She thought it would do her no harm, for she sincerely meant to write nothing of which she should be ashamed, and quieted all pricks of conscience by anticipations of the happy minute when she should show her earnings and laugh over her well-kept secret.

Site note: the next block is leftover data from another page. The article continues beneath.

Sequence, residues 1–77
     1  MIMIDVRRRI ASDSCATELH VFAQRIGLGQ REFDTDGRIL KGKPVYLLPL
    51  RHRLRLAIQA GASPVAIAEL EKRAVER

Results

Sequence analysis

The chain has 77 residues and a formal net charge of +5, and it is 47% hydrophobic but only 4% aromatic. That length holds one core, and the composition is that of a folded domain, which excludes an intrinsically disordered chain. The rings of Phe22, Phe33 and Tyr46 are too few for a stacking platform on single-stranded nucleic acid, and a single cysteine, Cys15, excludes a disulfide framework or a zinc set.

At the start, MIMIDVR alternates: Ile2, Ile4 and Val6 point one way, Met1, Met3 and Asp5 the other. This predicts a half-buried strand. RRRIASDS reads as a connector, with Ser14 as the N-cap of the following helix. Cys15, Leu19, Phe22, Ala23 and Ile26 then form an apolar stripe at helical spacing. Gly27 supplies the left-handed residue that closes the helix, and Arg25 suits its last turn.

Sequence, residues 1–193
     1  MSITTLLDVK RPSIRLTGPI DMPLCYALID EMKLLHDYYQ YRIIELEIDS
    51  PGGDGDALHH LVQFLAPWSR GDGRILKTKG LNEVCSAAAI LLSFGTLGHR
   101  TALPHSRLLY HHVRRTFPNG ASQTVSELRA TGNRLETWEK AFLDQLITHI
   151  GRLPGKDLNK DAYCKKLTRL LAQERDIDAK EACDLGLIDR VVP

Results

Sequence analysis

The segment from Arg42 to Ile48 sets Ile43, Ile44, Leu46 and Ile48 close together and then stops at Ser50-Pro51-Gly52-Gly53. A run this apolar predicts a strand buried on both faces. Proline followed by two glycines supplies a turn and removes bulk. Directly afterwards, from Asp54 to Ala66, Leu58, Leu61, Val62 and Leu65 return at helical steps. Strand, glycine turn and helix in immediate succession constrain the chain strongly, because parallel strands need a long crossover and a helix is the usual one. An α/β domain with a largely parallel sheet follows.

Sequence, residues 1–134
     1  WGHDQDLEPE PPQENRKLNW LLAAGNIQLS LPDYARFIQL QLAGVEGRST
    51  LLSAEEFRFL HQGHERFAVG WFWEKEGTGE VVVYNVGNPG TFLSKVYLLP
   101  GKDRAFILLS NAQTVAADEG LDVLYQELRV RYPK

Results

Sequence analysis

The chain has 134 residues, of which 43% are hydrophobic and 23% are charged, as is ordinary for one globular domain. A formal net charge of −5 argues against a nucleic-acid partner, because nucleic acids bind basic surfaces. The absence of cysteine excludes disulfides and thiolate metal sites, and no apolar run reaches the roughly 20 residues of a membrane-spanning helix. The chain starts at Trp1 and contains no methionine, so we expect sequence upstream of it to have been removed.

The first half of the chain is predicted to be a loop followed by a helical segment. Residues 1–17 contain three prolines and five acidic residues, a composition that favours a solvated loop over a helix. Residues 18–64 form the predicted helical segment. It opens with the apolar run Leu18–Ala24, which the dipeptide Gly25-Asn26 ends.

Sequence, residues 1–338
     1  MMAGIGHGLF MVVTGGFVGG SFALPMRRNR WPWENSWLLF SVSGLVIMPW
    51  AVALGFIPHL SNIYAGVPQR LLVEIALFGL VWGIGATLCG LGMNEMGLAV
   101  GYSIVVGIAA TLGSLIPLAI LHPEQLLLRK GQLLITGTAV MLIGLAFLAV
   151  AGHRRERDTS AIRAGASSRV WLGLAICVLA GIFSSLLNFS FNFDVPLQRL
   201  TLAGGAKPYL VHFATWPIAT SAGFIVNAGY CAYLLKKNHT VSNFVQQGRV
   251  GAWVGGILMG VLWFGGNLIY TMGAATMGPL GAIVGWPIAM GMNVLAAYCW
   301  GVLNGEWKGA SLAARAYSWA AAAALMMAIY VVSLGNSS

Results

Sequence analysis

But Mr. Dashwood rejected any but thrilling tales; and, as thrills could not be produced except by harrowing up the souls of the readers, history and romance, land and sea, science and art, police records and lunatic asylums, had to be ransacked for the purpose. Jo soon found that her innocent experience had given her but few glimpses of the tragic world which underlies society; so, regarding it in a business light, she set about supplying her deficiencies with characteristic energy. Eager to find material for stories, and bent on making them original in plot, if not masterly in execution, she searched newspapers for accidents, incidents, and crimes; she excited the suspicions of public librarians by asking for works on poisons; she studied faces in the street,—and characters good, bad, and indifferent, all about her; she delved in the dust of ancient times, for facts or fictions so old that they were as good as new, and introduced herself to folly, sin, and misery, as well as her limited opportunities allowed. She thought she was prospering finely; but, unconsciously, she was beginning to desecrate some of the womanliest attributes of a woman’s character. She was living in bad society; and, imaginary though it was, its influence affected her, for she was feeding heart and fancy on dangerous and unsubstantial food, and was fast brushing the innocent bloom from her nature by a premature acquain­tance with the darker side of life, which comes soon enough to all of us.